There's no - and I don't want to sound too paternalistic. There's no one out there necessarily guiding hands. There's no great financial coach at companies that will go out there and hold every individual investor's hand. And this matters because, increasingly, you're on your own. Increasingly, we don't know about the solvency of Social Security. You're going to need the market to help you, especially after your savings and retirement accounts have taken such a wallop in this great recession.
MARTIN: Do you feel that this is also going to have an effect on the equality or inequality of net worth? I mean, we often talk about sort of inequality of income, but the inequality of net worth of people, the kinds of assets that people have to live on later on. I guess what I'm asking is, do you think that there could be a problem down the road when people who are middle income have pulled out money out of the market and then, maybe 10 years from now, don't have enough to live on in retirement?
FARZAD: I absolutely think that's a problem and - yes - the stock market still remains the province of the wealthy or the upper classes who have access to the type of jobs, for example, that can give you a 401K plan, that have the disposable income to put in separate brokerage accounts and you've already seen such a widening of fortunes, a kind of a divergence of fortunes in this case. And it's only seen worse. I mean, the Gallup data showed how the 30 to 49 age group saw the biggest declines in equity ownership and unemployment disproportionately hits this group. Foreclosures disproportionately hits this group, so there's a lot of catching up to do and it's a quandary right now. Do you get back in when the market's at an all-time high? Do you even have money on the sidelines to get back in? There are no easy answers.
MARTIN: Another quote from the study. "While soaring stock values may be an incentive to jump back into the market, continued high unemployment appears to be acting as a barrier. Without a job, some Americans may simply be unable to afford stock investments while others may fear the market is still too risky as long as joblessness remains a national problem." End quote. Again, that's from the study. What do you say about that?
FARZAD: Yeah. I think it still speaks to the fact that this is an optional thing for investors to get back in the market. When you look at it, though, over time, you're going to need something to help you accelerate, to help you catch up with the self-inflicted damage of the past five or six years. Not just self-inflicted, again, Michel. A lot of this came from out of left field. It's the worst economic calamity of our lifetimes.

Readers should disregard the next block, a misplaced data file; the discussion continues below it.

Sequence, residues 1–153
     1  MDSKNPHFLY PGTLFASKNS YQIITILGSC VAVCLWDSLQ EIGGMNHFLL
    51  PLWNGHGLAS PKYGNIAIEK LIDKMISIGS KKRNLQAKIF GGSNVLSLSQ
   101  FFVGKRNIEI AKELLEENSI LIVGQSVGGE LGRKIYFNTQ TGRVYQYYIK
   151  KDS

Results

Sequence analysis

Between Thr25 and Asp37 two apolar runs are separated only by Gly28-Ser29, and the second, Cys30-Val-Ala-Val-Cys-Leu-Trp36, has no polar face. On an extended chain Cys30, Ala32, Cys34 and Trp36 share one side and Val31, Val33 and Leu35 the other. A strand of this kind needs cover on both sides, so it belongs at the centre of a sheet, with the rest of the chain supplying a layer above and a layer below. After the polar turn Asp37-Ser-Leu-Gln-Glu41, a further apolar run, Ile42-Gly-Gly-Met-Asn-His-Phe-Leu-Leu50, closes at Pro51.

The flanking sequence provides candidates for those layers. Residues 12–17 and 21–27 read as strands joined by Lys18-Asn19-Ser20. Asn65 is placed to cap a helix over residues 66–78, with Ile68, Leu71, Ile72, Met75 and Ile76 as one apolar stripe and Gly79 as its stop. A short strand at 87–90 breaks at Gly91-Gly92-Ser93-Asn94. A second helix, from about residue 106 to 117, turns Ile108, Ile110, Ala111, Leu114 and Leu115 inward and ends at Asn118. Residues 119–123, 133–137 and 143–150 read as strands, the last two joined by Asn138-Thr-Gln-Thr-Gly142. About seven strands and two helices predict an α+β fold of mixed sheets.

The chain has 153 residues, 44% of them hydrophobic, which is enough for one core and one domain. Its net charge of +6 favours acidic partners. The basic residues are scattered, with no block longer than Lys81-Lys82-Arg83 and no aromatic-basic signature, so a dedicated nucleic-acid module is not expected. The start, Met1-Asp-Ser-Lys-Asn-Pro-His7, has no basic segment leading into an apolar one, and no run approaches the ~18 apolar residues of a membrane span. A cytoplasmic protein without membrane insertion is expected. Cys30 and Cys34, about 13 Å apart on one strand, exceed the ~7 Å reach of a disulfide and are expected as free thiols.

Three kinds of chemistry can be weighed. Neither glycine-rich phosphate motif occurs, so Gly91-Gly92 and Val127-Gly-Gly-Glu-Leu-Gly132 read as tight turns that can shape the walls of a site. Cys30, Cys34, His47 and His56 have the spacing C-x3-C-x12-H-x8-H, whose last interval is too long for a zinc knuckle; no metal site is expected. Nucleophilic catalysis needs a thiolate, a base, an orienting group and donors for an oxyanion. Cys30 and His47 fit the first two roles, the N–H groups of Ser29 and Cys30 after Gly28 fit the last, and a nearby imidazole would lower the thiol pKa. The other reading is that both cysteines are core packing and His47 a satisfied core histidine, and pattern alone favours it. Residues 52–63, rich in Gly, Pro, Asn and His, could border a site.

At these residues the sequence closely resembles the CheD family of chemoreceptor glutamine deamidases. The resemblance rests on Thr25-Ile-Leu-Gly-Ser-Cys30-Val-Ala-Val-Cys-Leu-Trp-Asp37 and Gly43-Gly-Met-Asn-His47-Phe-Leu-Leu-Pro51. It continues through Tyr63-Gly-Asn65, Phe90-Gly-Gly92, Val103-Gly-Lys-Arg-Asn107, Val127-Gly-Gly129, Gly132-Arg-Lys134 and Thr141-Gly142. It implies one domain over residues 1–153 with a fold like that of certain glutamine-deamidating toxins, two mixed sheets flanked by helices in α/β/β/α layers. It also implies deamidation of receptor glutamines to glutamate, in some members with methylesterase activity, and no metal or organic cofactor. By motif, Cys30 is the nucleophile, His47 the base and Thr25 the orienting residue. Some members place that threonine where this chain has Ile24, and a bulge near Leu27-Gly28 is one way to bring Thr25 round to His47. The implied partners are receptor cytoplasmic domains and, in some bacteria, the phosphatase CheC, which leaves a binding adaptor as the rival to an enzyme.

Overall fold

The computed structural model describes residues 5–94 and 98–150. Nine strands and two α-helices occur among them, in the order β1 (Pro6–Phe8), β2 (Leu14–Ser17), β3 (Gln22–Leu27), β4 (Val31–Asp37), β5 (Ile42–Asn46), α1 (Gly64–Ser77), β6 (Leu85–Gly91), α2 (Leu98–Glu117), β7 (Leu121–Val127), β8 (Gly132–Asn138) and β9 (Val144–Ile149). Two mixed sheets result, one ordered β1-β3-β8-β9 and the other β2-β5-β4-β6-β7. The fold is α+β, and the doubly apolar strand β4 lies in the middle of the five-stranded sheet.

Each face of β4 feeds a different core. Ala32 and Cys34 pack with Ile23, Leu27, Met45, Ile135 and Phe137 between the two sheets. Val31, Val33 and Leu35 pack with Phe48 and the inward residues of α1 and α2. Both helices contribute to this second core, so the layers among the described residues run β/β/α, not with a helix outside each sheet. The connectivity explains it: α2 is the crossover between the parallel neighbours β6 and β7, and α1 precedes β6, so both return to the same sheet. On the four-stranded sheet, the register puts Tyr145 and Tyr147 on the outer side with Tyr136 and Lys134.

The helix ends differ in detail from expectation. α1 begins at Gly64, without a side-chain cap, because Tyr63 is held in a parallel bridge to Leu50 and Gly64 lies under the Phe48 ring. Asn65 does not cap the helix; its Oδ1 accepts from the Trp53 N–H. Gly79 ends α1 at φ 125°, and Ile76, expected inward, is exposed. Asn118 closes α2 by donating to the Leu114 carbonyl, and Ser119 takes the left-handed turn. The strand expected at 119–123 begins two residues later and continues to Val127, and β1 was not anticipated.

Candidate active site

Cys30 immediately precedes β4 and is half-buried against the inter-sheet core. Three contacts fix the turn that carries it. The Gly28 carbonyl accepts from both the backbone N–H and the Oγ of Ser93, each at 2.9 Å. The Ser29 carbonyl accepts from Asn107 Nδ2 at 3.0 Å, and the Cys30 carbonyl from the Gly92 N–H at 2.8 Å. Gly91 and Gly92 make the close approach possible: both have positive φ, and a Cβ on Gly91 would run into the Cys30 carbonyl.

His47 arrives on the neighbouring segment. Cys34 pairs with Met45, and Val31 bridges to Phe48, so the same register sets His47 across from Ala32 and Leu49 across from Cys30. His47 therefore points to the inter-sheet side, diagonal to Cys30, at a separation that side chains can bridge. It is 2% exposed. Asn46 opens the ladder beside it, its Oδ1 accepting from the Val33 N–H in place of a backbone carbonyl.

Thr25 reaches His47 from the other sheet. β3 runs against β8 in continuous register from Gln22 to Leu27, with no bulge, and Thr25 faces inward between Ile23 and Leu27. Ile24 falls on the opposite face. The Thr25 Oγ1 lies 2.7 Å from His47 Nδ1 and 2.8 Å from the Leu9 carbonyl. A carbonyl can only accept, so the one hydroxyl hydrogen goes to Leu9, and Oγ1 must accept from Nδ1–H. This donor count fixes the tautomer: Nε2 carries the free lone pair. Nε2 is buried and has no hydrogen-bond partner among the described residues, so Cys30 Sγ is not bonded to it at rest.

But, again, you have to be able to have something, an asset class that can keep up with inflation, that can keep up with the cost of living and do you something for retirement. And we've seen the market be that asset class, historically.
MARTIN: No more than a third of younger and lower income households are in the stock market, so a final thought, Roben. Younger Americans - do you think that there are implications for them?
FARZAD: Yeah, definitely. These are the years where it really matters, where you could really do yourself a big favor by being involved in the market, by - if you're single, if you have a job. If you're in a position to garnish something from your wages and put it in a 401K plan, that is where it could really compound and do great things for you and, if you're not, you're losing out on your 20s. It's definitely a great age to be there, to be diversified. And, unfortunately, these are the people who look back and, when they are of means, they're going to say, wow, I missed out on that time.
And I think this is where policymakers have to look more into financial education. You don't have people immediately out of college or people that age necessarily thinking that this is what I need to buck up and have some sort of financial self-determination. It's left to your HR provider at work to kind of tell you something or two about it.
MARTIN: If that person still is there. Roben Farzad is a contributor to Bloomberg Businessweek. He was with us from Richmond, Virginia. Roben, thanks so much for joining us once again.
FARZAD: Thank you, Michel. Take care.
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MARTIN: Just ahead, Hollywood superstar Angelina Jolie is in the headlines by her own choice this time. Genetic testing showed she was at high risk for breast cancer, so she decided to have a double mastectomy to improve her odds and she wrote about it. We'll talk with one mother and daughter who face the same dilemma.
REGINA BRETT: As a parent, you don't want your children to go through anything. You'd take a bullet for them if you could and that day she found out she was positive, I just felt a real deep sadness.
MARTIN: Their gut-wrenching dilemma and the choices that came next. That's ahead on TELL ME MORE from NPR News. I'm Michel Martin.